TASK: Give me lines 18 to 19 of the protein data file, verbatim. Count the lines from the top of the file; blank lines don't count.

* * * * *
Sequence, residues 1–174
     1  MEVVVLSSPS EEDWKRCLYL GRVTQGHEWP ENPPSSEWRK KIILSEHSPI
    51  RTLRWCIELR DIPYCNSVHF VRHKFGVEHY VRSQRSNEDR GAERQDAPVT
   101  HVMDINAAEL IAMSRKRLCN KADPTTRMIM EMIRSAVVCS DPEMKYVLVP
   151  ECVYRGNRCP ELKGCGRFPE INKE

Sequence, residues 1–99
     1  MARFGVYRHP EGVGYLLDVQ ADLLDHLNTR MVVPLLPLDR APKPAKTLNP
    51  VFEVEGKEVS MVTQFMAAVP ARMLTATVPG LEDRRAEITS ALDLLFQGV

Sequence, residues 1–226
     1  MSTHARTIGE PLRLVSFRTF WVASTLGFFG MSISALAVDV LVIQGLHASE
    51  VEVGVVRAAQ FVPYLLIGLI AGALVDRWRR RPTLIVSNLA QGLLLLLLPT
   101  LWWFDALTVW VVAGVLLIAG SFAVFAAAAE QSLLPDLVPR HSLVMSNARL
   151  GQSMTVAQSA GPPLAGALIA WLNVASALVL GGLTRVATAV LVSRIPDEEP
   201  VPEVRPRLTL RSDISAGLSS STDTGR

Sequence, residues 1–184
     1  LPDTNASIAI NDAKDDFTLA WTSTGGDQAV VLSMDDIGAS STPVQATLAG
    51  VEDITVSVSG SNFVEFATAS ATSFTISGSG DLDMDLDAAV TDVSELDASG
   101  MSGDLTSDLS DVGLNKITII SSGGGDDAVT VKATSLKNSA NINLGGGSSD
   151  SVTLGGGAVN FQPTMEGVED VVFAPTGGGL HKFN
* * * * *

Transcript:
   101  MSGDLTSDLS DVGLNKITII SSGGGDDAVT VKATSLKNSA NINLGGGSSD
   151  SVTLGGGAVN FQPTMEGVED VVFAPTGGGL HKFN